Five years after the launch of the Greenest City Action Team, new programs and policies are delivering benefits in neighbourhoods across the city, says Vancouver Mayor Gregor Robertson.
“Vancouver residents have really stepped up and helped the city become healthier, stronger, and greener,” said Mayor Gregor Robertson. “No matter what street you walk down in Vancouver, you see the results of our Greenest City Action Plan. We have weekly food scraps collection in place. We’ve supported the big growth of car sharing with Modo and car2go. New buildings are built to the greenest building code in North America, saving residents money on energy and water costs.
“These are important changes that make our city a better place to live, creating sustainable jobs in Vancouver’s growing economy while protecting our environment. Vancouver can lead the world and set the green standard for cities around the globe. We should aim to be the best.”
Mayor Robertson launched the Greenest City Action Team on February 25, 2009, comprised of environmental and business leaders such as David Suzuki, former Premier Mike Harcourt, former City Councillor Gordon Price and VanCity Credit Union CEO Tamara Vrooman. Following the release of a Quick Starts report in the spring of 2009, the City embarked on an extensive two-year consultation process. In July 2011, Council approved the Greenest City Action Plan, which set out fifteen targets in ten environmental policy areas covering climate leadership, to clean air and water, to local food and energy efficiency, each with detailed metrics so the City and residents can track progress.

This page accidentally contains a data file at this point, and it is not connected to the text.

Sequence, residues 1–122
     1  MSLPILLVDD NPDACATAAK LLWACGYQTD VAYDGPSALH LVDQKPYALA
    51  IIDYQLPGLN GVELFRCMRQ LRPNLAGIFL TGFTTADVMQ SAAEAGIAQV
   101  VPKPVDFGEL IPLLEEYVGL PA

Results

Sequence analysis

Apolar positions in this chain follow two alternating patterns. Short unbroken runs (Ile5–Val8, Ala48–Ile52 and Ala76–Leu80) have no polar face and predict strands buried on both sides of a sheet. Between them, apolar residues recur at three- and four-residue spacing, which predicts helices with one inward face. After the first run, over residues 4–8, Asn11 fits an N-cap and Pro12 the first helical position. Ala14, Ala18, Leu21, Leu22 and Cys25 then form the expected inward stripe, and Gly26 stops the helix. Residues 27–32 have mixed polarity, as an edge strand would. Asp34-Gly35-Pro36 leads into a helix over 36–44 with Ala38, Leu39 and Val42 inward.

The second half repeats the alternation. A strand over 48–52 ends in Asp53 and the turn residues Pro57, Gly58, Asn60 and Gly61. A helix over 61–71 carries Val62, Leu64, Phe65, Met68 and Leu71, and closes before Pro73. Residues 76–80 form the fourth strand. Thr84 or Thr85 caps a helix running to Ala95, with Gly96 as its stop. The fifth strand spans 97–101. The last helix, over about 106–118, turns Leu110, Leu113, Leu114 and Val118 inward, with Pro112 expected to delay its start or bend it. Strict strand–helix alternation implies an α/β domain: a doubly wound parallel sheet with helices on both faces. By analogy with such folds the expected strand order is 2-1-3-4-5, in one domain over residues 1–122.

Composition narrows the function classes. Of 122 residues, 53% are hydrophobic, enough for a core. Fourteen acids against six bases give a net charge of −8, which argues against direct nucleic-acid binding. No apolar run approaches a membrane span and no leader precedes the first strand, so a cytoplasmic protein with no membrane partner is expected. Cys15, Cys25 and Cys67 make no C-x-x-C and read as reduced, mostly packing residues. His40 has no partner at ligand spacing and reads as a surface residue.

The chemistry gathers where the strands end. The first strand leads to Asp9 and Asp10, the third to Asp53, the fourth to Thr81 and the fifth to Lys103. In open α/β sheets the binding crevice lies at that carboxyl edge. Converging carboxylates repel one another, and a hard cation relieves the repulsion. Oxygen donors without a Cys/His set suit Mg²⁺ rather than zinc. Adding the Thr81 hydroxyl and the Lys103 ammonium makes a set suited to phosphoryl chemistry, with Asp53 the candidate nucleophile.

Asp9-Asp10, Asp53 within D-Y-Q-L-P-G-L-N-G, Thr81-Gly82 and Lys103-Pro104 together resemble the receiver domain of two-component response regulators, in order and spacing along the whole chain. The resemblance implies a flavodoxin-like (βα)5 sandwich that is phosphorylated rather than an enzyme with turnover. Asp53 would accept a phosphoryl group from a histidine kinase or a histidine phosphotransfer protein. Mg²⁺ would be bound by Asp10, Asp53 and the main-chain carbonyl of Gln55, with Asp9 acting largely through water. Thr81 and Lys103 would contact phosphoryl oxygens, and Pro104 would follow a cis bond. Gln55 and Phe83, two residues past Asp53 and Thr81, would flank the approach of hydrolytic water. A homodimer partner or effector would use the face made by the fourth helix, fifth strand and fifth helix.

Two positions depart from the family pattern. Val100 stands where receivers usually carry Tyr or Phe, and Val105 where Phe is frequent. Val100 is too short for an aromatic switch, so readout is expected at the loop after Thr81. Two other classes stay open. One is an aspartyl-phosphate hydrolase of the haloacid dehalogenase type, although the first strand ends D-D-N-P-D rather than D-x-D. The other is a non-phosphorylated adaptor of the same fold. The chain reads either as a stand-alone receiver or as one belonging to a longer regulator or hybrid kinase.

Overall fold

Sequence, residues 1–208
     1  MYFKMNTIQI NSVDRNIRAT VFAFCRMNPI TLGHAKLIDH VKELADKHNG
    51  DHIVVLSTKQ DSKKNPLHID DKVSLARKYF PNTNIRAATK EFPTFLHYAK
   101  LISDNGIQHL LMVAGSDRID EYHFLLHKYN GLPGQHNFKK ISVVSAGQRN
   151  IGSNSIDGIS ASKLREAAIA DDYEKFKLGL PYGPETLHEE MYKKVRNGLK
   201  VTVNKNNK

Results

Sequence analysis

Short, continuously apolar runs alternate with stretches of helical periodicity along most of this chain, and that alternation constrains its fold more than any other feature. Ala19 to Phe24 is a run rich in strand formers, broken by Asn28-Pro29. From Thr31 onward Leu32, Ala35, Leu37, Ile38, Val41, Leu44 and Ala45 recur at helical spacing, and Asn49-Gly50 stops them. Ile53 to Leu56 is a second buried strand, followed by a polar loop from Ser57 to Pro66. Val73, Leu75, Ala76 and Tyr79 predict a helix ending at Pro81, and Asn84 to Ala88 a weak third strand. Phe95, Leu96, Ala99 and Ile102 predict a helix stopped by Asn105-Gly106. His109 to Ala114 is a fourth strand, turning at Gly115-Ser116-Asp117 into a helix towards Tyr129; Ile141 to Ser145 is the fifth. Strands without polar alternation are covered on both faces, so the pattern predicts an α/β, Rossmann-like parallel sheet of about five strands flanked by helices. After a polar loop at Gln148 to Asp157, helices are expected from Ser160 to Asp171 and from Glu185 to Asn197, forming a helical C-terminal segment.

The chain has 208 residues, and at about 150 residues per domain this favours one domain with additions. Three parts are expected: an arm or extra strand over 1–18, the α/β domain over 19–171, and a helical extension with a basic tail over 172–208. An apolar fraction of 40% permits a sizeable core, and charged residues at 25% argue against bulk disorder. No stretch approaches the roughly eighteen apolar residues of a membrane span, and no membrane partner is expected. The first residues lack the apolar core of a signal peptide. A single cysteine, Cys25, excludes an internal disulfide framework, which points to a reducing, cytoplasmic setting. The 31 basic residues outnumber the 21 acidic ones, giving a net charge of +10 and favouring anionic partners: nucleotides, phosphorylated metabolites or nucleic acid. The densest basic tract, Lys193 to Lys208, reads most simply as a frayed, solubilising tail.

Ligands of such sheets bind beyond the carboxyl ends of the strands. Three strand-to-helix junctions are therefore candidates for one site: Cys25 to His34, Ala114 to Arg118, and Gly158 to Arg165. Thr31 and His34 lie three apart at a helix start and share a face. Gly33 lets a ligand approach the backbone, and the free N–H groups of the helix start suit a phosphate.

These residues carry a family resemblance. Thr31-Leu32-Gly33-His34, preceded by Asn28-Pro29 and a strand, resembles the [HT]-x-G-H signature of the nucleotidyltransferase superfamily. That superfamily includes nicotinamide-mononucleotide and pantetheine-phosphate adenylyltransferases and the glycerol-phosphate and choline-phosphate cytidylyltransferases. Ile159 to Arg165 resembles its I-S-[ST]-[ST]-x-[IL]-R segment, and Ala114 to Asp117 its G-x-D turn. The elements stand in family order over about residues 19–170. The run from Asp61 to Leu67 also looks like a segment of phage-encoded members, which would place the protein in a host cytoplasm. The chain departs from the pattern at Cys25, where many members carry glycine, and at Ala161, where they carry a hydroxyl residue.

Since then, the City has implemented over a hundred projects that support the Greenest City goals. Some of these include:
- Weekly curbside food scraps collection for over 110,000 homes
- Approving the greenest building code in North America, with new standards for energy efficiency building design and water reduction (and further planned updates in 2017 and 2020 to get to a carbon neutral building standard)
- Providing underused city land to inner city employment programs for local food projects, including North America’s largest urban orchard at Main and Terminal
- Approving the first comprehensive Climate Adaptation Strategy of any city in Canada
- The launch of the Greenest City Fund, a $2 million, four-year grant fund in partnership with the Vancouver Foundation, which supports resident-driven, neighbourhood-based actions on the environment
- Piloting a deconstruction project which diverted 94% of building waste from landfill
Progress on the Vancouver’s Greenest City targets include:
- A 10% increase in people walking, biking, and taking transit, from 40% of all trips in 2008 up to 44% in 2012.
- A 4% reduction in total greenhouse gas emissions since 2007, despite population and the economy growing.
- 2013 saw the city surpass 4,000 community garden plots, expanding food access for neighbourhoods throughout Vancouver.
Mayor Robertson says that although much has been achieved, there is still more work to do.
“We won’t be able to meet our greenhouse gas reduction targets, or green transportation goals, without a Broadway Subway,” said the Mayor. “It’s the single project that will have the biggest impact in terms of getting cars off the road, reducing congestion to create cleaner air, and cutting our greenhouse gas emissions. With over 50% of Broadway transit trips coming from outside of Vancouver, a subway doesn’t just benefit Vancouver, it benefits the whole region in terms of the environment and the economy.”
Vancouver Convention Centre via Shutterstock